Development of a novel in vitro model to study the tryptic : endothelial cells, monocytes and flow
Author(s)Turjman, Alexis S. (Alexis Salomon)
Massachusetts Institute of Technology. Department of Materials Science and Engineering.
Elazer R. Edelman and Guillermo García-Cardeña.
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This thesis describes the development of a novel in vitro model of monocytes transmigration under flow and use in the study of early molecular events of atherogenesis. In this work, we focused on how endothelial dysfunction, specifically mediated by disturbed flow from atherosusceptible regions of the vasculature, is both communicated to recruited monocytes as they reside in the subendothelial matrix, and how reciprocally, monocytes may exacerbate the endothelial dysfunctional state. We built and integrated our in vitro model to a unique flow apparatus that can precisely replicate atheroprone and atheroprotective shear stress waveforms. We carefully characterized the model that relies on a fibronectin-coated collagenous matrix seeded with a confluent monolayer of endothelial cells co-cultured with THP- 1 monocytes under flow. We used the model to draw biological insight from endothelial:monocyte co-cultures under flow. We found that monocytes preferentially accumulate on endothelial monolayers exposed to atheroprone flow. We also observed the upregulation of IL-1[beta] in endothelial cells exposed to atheroprone flow when co-cultured with monocytes but not in endothelial cells alone, in each of three independent experiments; yet the aggregated results are not statistically relevant due to variability. Flow-driven dysfunctional endothelium recruits and interacts with monocytes that soon after transmigration become dysfunctional foam cells. Our novel in vitro model that congregates endothelial cells, monocytes and flow responds to the pressing need to understand the interplay between these protagonist cells during atherogenesis, and allowed us to define further monocyte- and flow-mediated transition of endothelium from normal to dysfunctional to diseased states. Harnessing the power of a versatile platform of transmigration under flow may foster the discovery of novel targets for atherogenesis and the development of original therapeutic strategies.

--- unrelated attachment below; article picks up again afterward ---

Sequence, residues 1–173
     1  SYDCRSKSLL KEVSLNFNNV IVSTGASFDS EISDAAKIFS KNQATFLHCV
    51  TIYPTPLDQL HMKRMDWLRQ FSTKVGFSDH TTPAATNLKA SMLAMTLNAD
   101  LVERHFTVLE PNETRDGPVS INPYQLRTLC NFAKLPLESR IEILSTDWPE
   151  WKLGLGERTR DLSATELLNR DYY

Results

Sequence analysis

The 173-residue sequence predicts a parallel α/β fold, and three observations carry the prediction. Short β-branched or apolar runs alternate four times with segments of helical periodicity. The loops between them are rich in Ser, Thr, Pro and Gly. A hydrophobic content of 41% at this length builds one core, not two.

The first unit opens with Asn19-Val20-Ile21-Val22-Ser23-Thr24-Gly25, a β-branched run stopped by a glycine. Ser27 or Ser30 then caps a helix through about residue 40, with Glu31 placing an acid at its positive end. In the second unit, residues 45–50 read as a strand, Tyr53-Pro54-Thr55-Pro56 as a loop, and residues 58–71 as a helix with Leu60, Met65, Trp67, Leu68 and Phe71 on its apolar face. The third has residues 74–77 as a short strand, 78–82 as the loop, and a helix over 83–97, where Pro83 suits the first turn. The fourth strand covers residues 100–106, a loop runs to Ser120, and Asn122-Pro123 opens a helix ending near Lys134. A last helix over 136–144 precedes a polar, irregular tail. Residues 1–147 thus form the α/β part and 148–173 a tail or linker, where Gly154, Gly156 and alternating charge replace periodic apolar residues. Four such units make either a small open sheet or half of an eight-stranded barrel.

Thesis: Ph. D., Massachusetts Institute of Technology, Department of Materials Science and Engineering, 2014.Cataloged from PDF version of thesis.Includes bibliographical references (pages 121-129).
DepartmentMassachusetts Institute of Technology. Department of Materials Science and Engineering.
Massachusetts Institute of Technology
Materials Science and Engineering.